The TRU WolfPack is ready for another summer out on the prowl, promoting physical activity and teaching a variety of sports to children of all ages.
Online registration has been open for weeks and can now be done at the WolfPack office in the TRU Gymnasium or by phone. The ‘Pack is looking to fill out rosters for the WolfPack Performance and the TRU McDonald’s Sport camps that start July 2 and run to the end of August.
“It’s a great opportunity for kids to have fun and experience different sports,” said Camp Co-ordinator Brenna Worsfold.
Locally or remote, TRU athletics has you covered.
Operating out of the TRU Gymnasium and Hillside Stadium, the McDonald’s Sport Camp provides kids a chance to play a variety of sports. It runs weekdays, mornings and afternoons, alternating throughout the summer.
“When I was in those camps when I was younger, I looked up to the athletes that played for the team and were running our camps. I wanted to be like them,” said Emily Mann, a South Kamloops Secondary School grad who now plays midfield for the WolfPack women’s soccer team. “The soccer camp was the most fun for me, but I loved the opportunity to play them all.”
Running opposite to the Multi-Sport Camp are the Games, Contests and Relays Camp, where kids participate in non-traditional sports, but still enjoy competition and exercise. There is also a Racquet Sport Camp available.
For kids between four to six, the Junior Wolf Pups Camp teaches them fundamental movements for a variety of sports.
To combat the high dropout rate of girls in traditional sports, the WolfPack is bringing back the Girl Power Camp, showing young women that they can do rock climbing, yoga, Zumba, kick boxing and much more.
The gymnasium also hosts the performance camps, which are run by a member of the WolfPack coaching staff and a few current players. They concentrate on one sport in particular, either volleyball, soccer or basketball.
TRU Athletics is not only offering camps on campus, but is taking some of them on the road. The performance camps are going to smaller centres, where the kids might not have the chance to play at the club level.
“Places like Jaffray, Williams Lake, Prince George, Terrace and Creston—to name a few—don’t typically get camps like this to roll through their town,” said women’s volleyball Head Coach Chad Grimm. “We will go to each town for four days of instruction, along with fun and games.”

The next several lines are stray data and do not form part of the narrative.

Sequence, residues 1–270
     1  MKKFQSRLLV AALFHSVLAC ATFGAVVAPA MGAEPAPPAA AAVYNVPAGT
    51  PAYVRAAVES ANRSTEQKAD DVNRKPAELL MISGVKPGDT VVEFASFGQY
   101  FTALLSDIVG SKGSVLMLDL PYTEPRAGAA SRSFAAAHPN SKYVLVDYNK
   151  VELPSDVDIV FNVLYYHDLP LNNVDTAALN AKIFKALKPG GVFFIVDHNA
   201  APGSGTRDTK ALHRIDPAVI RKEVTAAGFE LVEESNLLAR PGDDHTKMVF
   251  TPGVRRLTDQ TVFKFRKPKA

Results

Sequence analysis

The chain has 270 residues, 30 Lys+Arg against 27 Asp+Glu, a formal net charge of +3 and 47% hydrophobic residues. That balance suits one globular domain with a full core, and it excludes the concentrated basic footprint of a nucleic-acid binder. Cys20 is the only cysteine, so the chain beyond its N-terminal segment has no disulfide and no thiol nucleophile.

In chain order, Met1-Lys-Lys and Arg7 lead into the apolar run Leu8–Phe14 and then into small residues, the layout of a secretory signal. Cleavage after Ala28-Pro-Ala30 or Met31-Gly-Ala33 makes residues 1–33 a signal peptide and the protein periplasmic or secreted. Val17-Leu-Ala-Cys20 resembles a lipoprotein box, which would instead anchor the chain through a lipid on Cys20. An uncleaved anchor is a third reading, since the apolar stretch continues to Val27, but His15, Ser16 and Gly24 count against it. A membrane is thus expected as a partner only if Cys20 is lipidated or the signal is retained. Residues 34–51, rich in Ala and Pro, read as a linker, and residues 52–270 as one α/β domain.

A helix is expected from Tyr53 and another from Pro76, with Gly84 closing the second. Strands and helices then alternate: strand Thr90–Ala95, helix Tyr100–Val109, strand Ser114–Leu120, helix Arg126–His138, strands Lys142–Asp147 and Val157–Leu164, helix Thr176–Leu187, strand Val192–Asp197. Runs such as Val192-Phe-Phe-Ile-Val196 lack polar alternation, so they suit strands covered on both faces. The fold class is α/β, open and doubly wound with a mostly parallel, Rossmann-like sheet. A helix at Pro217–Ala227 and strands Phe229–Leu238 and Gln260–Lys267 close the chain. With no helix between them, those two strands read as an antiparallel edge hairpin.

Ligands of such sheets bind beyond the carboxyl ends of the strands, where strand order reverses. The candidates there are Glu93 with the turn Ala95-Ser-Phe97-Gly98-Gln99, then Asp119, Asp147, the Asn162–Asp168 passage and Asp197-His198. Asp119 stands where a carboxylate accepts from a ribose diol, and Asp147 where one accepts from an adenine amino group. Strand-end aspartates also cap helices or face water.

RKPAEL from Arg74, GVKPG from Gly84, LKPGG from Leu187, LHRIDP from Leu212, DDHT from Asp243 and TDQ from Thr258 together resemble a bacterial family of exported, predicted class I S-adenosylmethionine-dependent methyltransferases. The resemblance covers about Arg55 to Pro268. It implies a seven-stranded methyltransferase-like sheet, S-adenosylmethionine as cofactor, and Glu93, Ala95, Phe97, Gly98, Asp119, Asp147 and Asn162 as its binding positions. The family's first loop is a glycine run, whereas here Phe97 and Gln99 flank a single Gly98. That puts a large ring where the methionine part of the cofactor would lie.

With the performance camps, the coaching staffs develop sport-specific skills, training techniques and most importantly, fun competition.
While the coaches’ main objective is to promote sport and develop young athletes, they definitely keep an eye out for any standout players.
“It’s also a great opportunity to spread the word about TRU athletics,” said Grimm. “We get a look at the athletes at a young age and are able to track their progress. Hopefully, they develop a comfort level with the WolfPack program and keep us in mind once they graduate.”
That approach has paid off, as Emily Mann and Ainsley Grether star on the women’s soccer team; Macey Hogg and Hali Drezet suit up for women’s volleyball and Ryan Hampe plays for the men’s volleyball team—all former attendees of WolfPack athletic camps.
“Each day we focused on a new skill and a new sport. Then the last few days of camp, we used what we learned earlier in the week and played games,” said Drezet, a third-year libero for the WolfPack from Prince George. “Those camps were always a great experience. They were fun and it was a great chance to meet new friends.”
“I had a good feeling what the program was like from those camps and wanted to be a part of it. That definitely played a factor in my mind when choosing which university to attend,” said Mann.
This summer is destined to be chock full of excitement for kids of all ages as they participate in camps run by instructors, TRU coaches and players. While having fun is the name of the game, you never know which future ‘Pack stars they might discover.
For more information, contact the sports camp registration office at 250-852-7135.